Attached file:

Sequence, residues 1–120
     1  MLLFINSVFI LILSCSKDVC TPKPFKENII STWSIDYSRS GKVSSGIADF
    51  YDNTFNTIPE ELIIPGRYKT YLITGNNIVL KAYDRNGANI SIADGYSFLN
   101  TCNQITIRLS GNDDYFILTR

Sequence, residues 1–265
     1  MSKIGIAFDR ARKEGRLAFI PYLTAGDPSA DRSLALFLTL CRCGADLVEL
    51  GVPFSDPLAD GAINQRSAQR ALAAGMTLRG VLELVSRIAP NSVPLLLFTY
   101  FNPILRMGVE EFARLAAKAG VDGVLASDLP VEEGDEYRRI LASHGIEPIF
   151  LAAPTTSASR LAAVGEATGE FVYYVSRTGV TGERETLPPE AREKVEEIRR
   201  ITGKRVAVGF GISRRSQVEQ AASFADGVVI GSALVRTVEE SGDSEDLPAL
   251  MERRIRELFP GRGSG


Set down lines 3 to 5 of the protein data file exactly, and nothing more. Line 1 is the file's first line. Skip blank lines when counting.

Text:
    51  YDNTFNTIPE ELIIPGRYKT YLITGNNIVL KAYDRNGANI SIADGYSFLN
   101  TCNQITIRLS GNDDYFILTR

Sequence, residues 1–265